Executive Summary

In the more than 100 years since President Theodore Roosevelt signed the Reclamation Act in 1902, the U.S. Bureau of Reclamation (Reclamation) has compiled an enviable record, and it can take justifiable pride in having brought water and electrical power to the arid regions of the 17 western states. Over the course of the twentieth century, Reclamation participated in such monumental undertakings as the construction of the Hoover and Grand Coulee dams as well as the development of many other dams, reservoirs, hydroelectric plants, and massive irrigation systems. These facilities and infrastructure systems have provided the water and power that enabled the development and growth of agriculture, industry, commerce, cities, and towns in the West.

Reclamation is now the largest water wholesaler in the country, providing municipal and industrial water to more than 31 million people and irrigation water for 10 million acres that produce 60 percent of the nation’s vegetables and 25 percent of its nuts and fruits (USBR, 2005). It is the second-largest producer of hydroelectric power, generating 42 billion kilowatt-hours of electricity annually. The bureau also partners in the management of more than 300 recreation sites.

Major water and power systems are now in place, and relatively few large new projects are anticipated. As a consequence, the bureau’s focus and workload have shifted from building infrastructure to operating, maintaining, repairing, and modernizing it, and from constructing dams to evaluating dam safety, mitigating the risk of dam failure, and addressing environmental issues. Reclamation’s budget has been level while at the same time the cost of maintaining and repairing existing infrastruc-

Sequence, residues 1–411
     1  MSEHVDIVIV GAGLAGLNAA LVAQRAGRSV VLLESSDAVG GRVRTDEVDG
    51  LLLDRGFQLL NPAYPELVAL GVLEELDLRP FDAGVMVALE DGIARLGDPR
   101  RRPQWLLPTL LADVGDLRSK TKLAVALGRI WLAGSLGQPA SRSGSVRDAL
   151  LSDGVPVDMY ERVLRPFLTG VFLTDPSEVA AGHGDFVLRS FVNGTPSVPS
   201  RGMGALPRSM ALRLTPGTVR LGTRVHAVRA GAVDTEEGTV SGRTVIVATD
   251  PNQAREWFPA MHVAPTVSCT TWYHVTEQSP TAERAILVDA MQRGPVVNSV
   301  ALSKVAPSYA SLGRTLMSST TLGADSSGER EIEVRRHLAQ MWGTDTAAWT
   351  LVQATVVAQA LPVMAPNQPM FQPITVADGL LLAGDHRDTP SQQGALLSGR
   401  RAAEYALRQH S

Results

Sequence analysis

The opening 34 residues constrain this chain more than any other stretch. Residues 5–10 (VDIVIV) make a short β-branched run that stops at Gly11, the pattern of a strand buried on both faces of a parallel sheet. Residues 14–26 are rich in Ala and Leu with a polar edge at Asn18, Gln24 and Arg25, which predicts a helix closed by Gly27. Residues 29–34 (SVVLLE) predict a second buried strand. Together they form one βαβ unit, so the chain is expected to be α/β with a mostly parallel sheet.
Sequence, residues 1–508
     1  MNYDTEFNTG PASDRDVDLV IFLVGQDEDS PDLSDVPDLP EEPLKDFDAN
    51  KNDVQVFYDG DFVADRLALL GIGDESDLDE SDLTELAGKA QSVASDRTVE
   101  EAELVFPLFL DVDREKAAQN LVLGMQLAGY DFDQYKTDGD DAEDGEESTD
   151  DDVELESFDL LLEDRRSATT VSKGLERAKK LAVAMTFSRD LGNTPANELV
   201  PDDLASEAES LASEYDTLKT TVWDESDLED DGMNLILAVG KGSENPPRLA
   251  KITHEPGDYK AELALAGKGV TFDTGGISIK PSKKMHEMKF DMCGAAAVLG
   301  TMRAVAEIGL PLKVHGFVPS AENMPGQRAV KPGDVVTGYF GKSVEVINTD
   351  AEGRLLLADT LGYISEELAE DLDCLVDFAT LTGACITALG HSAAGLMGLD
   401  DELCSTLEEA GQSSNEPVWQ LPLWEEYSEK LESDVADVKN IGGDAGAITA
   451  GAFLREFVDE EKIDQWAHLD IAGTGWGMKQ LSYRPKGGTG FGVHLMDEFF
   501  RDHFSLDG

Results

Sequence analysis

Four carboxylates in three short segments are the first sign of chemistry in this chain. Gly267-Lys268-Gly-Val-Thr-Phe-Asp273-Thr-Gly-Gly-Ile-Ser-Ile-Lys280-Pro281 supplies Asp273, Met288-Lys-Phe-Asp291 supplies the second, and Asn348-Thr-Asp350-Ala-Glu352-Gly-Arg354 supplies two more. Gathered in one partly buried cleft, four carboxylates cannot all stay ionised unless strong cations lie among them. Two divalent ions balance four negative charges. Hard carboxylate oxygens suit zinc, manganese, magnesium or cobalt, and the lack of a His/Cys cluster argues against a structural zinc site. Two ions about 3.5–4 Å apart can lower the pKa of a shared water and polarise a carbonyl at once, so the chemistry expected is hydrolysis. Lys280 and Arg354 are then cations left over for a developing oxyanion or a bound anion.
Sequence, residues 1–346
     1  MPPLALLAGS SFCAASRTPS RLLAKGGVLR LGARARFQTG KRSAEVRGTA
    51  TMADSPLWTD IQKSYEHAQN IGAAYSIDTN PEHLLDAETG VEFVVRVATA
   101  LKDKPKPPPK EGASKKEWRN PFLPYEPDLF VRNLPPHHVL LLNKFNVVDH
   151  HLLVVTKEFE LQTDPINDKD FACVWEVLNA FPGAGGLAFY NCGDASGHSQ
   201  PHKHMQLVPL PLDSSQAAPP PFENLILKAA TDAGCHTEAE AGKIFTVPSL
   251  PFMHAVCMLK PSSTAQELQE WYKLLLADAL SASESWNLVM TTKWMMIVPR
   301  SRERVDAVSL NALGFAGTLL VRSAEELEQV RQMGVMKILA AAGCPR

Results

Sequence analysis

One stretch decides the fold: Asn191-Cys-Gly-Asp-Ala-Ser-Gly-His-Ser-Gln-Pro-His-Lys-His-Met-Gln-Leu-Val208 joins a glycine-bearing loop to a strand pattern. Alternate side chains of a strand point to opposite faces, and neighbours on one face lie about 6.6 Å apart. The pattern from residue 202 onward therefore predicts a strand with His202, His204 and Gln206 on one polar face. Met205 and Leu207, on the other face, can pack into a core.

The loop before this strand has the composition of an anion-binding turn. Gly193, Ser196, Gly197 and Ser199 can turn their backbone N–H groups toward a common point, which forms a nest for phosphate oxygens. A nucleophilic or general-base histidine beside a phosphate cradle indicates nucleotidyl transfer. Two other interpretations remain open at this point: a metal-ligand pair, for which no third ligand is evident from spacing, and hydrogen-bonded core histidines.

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Managing Construction and Infrastructure in the 21st Century Bureau of Reclamation Executive Summary In the more than 100 years since President Theodore Roosevelt signed the Reclamation Act in 1902, the U.S. Bureau of Reclamation (Reclamation) has compiled an enviable record, and it can take justifiable pride in having brought water and electrical power to the arid regions of the 17 western states. Over the course of the twentieth century, Reclamation participated in such monumental undertakings as the construction of the Hoover and Grand Coulee dams as well as the development of many other dams, reservoirs, hydroelectric plants, and massive irrigation systems. These facilities and infrastructure systems have provided the water and power that enabled the development and growth of agriculture, industry, commerce, cities, and towns in the West. Reclamation is now the largest water wholesaler in the country, providing municipal and industrial water to more than 31 million people and irrigation water for 10 million acres that produce 60 percent of the nation’s vegetables and 25 percent of its nuts and fruits (USBR, 2005). It is the second-largest producer of hydroelectric power, generating 42 billion kilowatt-hours of electricity annually. The bureau also partners in the management of more than 300 recreation sites. Major water and power systems are now in place, and relatively few large new projects are anticipated. As a consequence, the bureau’s focus and workload have shifted from building infrastructure to operating, maintaining, repairing, and modernizing it, and from constructing dams to evaluating dam safety, mitigating the risk of dam failure, and addressing environmental issues. Reclamation’s budget has been level while at the same time the cost of maintaining and repairing existing infrastruc-